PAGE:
We had a guy who sued us because we couldn't get a virus off of his system... each time we would wipe it off, he would bring it back with it infected. Turns out that he was installing a pirated copy of Norton Utilities when he would get home, and that copy had the virus on it. Still he pressed on.

There was also a customer who swiped the PowerBook of our Apple rep, and tried to return it at the returns counter about an hour later... the rep's name and "Property of Apple computer" was egnraved on the bottom!

I could go on for hours with these kinds of stories...
( Last edited by TailsToo; Feb 2, 2007 at 12:26 AM. )
     
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Feb 1, 2007, 09:36 PM
 
The customer is always rarely right.
     
Eriamjh
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Feb 3, 2007, 09:50 AM
 
The customer is pretty stupid, but that doesn't mean you can't help the ones who really need it. As for the crooks...

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mitchell_pgh
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Feb 3, 2007, 10:32 AM
 
During my retail experience... I came to the conclusion that there were basically three types of people that would return items.

Authentic Problem: This accounted for about half the people returning items. They have the receipt and the hardware doesn't work and it's within the warranty/purchase period. These are usually rather painless unless the item is something you can't return (like software or some other item).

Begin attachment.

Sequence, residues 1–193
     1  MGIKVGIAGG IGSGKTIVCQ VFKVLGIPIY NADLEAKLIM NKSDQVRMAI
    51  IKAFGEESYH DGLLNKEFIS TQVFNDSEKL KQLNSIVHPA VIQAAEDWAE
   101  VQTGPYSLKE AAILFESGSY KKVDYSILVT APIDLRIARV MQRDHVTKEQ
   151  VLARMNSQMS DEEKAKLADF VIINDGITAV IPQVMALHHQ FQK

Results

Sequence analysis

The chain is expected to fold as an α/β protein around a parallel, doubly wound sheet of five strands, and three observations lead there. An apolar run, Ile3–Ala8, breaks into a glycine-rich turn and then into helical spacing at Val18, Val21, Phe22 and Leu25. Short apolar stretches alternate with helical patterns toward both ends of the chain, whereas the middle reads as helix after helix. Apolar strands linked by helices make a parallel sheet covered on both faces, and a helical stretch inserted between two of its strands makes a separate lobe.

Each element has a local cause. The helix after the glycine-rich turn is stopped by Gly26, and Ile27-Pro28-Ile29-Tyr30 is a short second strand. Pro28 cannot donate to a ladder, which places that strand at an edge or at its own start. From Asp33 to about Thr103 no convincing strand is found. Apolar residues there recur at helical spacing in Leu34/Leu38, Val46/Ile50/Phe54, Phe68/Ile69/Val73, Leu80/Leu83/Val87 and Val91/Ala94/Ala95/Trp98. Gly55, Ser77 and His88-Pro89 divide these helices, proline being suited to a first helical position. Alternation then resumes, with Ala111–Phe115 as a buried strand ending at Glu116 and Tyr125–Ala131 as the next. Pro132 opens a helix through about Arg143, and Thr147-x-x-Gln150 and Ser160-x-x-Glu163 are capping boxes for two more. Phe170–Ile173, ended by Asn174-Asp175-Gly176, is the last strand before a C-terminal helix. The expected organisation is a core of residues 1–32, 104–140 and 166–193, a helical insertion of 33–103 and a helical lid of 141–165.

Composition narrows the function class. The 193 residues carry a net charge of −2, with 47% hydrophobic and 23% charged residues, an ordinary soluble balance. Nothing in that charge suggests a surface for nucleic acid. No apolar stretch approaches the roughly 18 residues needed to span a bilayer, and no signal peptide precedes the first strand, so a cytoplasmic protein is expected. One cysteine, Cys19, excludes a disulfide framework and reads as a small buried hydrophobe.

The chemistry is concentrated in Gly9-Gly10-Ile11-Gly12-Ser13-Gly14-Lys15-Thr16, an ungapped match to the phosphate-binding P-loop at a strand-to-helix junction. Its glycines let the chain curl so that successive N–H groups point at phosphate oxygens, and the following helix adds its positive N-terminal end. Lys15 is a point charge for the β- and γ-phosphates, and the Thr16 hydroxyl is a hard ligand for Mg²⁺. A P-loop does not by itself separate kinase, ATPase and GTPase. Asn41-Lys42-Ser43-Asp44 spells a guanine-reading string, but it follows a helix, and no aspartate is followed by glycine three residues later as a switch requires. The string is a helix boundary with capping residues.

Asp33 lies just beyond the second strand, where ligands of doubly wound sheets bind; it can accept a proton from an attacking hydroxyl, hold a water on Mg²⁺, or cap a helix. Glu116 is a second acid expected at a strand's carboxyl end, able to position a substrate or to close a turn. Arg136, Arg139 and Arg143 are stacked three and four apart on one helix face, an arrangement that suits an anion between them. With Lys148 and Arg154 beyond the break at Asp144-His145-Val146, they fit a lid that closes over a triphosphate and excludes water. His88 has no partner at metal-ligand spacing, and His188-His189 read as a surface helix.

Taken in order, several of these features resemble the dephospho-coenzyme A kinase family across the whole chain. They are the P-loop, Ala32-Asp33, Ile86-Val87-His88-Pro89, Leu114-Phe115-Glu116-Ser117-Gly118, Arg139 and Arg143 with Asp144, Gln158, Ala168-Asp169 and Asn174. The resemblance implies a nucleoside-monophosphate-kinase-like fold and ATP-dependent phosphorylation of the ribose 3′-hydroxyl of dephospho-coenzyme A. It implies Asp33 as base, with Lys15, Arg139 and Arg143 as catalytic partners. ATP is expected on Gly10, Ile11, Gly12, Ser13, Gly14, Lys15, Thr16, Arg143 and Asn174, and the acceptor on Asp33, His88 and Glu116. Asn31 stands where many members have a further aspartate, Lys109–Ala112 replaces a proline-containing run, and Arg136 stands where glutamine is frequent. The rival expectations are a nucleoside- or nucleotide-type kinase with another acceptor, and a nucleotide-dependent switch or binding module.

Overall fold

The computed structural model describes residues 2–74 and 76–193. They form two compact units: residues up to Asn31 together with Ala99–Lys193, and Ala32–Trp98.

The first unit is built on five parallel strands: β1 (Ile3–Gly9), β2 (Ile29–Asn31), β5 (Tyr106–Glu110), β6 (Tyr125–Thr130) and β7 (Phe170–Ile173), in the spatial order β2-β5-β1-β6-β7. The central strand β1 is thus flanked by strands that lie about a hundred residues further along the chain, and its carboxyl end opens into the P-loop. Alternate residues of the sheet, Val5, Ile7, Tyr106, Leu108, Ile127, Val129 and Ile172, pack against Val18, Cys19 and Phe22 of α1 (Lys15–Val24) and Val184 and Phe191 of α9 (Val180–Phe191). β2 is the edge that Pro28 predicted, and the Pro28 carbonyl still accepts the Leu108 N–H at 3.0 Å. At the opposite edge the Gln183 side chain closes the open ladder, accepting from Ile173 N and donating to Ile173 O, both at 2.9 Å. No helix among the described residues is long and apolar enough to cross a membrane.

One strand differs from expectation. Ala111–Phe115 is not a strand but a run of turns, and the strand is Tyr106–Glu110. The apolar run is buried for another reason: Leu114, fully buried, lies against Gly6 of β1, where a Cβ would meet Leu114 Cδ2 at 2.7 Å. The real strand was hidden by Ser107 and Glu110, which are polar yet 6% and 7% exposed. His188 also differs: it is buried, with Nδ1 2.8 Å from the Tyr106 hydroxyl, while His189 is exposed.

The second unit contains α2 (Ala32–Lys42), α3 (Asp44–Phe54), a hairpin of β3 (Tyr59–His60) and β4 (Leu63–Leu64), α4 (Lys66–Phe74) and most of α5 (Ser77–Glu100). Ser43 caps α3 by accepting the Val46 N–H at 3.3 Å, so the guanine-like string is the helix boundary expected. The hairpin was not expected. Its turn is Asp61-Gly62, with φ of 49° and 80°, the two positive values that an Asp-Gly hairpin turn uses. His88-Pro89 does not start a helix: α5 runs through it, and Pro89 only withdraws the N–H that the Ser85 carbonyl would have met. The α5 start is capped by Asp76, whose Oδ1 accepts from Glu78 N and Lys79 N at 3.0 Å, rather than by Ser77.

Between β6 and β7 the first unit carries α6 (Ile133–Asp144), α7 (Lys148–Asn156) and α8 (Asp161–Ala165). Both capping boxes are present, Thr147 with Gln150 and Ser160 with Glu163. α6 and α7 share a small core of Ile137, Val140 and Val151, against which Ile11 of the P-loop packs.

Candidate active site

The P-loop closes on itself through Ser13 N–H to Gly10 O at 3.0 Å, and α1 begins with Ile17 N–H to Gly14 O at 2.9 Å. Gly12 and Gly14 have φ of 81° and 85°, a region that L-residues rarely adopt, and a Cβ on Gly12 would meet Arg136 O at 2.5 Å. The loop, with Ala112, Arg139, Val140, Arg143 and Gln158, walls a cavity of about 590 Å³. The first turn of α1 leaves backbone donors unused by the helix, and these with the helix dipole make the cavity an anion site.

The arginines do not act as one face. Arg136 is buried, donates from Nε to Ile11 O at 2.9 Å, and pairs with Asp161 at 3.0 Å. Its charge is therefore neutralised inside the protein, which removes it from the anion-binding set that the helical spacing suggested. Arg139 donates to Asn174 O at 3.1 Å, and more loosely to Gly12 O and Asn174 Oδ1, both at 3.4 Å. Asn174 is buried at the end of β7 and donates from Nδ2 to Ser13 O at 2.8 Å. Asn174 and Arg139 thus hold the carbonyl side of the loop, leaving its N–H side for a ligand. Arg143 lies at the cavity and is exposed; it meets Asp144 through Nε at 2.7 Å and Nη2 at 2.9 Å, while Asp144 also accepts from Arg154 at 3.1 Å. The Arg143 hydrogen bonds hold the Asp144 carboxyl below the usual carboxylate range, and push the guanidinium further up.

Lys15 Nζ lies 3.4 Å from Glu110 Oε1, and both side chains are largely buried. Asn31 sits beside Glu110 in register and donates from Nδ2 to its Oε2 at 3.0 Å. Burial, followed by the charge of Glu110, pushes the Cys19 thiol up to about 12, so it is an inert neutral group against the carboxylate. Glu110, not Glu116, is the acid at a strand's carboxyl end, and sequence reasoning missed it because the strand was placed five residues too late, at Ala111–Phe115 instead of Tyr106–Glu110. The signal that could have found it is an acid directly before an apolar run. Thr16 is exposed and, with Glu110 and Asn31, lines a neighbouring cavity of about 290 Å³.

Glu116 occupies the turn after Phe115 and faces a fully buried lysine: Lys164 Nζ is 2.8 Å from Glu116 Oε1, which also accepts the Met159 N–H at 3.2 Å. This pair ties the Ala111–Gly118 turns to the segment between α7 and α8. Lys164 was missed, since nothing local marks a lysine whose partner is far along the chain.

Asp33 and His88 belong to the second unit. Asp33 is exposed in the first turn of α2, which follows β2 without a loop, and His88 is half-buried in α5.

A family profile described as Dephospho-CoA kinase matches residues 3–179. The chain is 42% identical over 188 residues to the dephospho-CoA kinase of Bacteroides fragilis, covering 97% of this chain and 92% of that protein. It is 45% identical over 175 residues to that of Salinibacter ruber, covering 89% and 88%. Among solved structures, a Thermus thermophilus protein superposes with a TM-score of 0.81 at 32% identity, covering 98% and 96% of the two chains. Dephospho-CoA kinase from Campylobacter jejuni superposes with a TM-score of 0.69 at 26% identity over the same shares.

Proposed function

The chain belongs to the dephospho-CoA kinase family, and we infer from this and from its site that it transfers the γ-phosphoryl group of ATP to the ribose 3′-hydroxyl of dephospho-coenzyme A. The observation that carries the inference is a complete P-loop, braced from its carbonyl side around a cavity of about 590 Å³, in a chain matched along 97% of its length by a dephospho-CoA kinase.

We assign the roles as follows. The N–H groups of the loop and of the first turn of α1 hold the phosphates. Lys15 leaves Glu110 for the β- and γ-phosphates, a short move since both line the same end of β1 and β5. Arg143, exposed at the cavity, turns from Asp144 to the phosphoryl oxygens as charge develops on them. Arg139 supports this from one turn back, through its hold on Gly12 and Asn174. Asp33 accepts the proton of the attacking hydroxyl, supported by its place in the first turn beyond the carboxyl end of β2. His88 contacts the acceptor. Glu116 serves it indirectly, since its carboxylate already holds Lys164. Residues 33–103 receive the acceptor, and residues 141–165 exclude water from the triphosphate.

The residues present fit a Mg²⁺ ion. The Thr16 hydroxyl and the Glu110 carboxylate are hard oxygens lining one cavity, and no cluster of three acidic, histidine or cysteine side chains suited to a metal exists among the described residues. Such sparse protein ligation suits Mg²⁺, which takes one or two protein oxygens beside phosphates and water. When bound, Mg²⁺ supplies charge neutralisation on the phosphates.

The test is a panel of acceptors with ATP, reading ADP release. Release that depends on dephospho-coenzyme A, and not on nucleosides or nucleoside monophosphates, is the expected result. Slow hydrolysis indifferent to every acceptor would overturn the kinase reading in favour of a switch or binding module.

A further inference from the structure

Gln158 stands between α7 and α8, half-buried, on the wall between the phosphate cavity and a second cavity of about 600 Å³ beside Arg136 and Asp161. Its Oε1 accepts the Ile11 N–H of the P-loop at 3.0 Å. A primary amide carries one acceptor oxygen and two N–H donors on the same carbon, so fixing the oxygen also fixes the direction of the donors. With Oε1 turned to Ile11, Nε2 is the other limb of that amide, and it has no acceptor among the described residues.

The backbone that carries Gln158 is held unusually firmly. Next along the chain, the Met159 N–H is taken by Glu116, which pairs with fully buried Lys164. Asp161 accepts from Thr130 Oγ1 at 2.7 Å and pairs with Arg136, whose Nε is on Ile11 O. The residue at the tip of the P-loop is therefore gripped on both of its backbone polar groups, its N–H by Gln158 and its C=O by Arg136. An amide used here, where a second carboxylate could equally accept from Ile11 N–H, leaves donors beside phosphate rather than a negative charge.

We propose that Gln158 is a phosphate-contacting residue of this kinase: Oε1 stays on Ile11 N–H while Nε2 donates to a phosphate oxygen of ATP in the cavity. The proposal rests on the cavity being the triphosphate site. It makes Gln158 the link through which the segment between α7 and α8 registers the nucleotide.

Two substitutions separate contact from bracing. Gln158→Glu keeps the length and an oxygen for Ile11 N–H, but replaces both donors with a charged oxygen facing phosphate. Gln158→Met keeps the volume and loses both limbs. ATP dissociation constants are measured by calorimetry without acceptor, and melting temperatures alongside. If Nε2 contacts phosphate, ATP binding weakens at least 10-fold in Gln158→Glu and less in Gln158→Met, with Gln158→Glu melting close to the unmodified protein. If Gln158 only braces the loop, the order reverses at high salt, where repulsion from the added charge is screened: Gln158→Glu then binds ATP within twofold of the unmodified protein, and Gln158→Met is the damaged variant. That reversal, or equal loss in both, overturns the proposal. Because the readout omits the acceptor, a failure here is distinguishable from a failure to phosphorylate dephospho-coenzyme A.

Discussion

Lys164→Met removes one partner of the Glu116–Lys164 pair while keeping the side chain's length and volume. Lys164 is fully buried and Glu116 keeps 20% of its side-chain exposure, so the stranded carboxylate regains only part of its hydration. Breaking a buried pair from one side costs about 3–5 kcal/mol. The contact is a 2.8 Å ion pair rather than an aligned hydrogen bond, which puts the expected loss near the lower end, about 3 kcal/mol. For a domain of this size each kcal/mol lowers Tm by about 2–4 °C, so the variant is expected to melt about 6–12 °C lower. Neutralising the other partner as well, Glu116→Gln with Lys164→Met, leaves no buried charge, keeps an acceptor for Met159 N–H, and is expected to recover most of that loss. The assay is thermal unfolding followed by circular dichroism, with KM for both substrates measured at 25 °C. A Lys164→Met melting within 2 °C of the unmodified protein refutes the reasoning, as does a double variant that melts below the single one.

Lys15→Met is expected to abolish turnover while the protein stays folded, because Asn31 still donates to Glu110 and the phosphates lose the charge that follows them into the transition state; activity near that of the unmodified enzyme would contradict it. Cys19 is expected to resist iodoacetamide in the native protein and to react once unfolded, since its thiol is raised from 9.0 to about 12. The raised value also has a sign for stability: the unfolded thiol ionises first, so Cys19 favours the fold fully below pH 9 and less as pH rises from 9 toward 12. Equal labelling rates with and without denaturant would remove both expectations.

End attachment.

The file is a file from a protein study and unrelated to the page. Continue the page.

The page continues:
It's Not Broken: This account for about 40% of the returns. The items works perfectly... it's more user error. It's actually fun (most of the time) as you can demonstrate how the unit should work, and they are happy.

The lier, cheater, scammer, idiot... This makes up about 10% of the returns. They either are trying to cheat you (which many are) or they are so foolish to think that they can return something because they broke it. I've seen people trying to return items that weren't even purchased from our store... they are years old... and they expect you to replace it with something that's 2X as much. I think it's rather funny at times. Having someone trying to replace a $19.95 headset that... and expecting you to give them a $299 headset. I've seen it all.
     
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Feb 3, 2007, 10:59 AM
 
Originally Posted by volcano View Post
Alright, so I'll admit it: I work at the Apple Store.
Are you sure you're supposed to be posting on internet message boards and identifying yourself as an Apple employee? You may want to check the policy on that.
     
scaught
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Feb 3, 2007, 01:11 PM
 
^I'm an apple employee too. At 3 different stores. Under 4 different aliases.
     
All_Insane
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Feb 3, 2007, 01:46 PM
 
The customer is always right.

Except when they're wrong.

Hotels in general (and mine in particular) seem to attract a lot of morons. People are turning me misanthropic.
     
paul w
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Feb 3, 2007, 02:19 PM
 
Having worked in a hotel abroad, I can say with all honesty that American clients arre generally the most argumentative and demanding, regardless of the realities of their situation. Don't get me wrong, most are fantastic, friendly people, but the chances that a pain in the ass cutomer is American is quite high. I really think the culture of giving the customer what it wants no matter what that we have here in the states has bred this super bitchy breed of evil customer that now we're afraid to deal with so we placate them and hope they never come back.
     
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Feb 3, 2007, 02:20 PM
 
Originally Posted by TailsToo View Post

There was also a customer who swiped the PowerBook of our Apple rep, and tried to return it at the returns counter about an hour later... the rep's name and "Property of Apple computer" was egnraved on the bottom!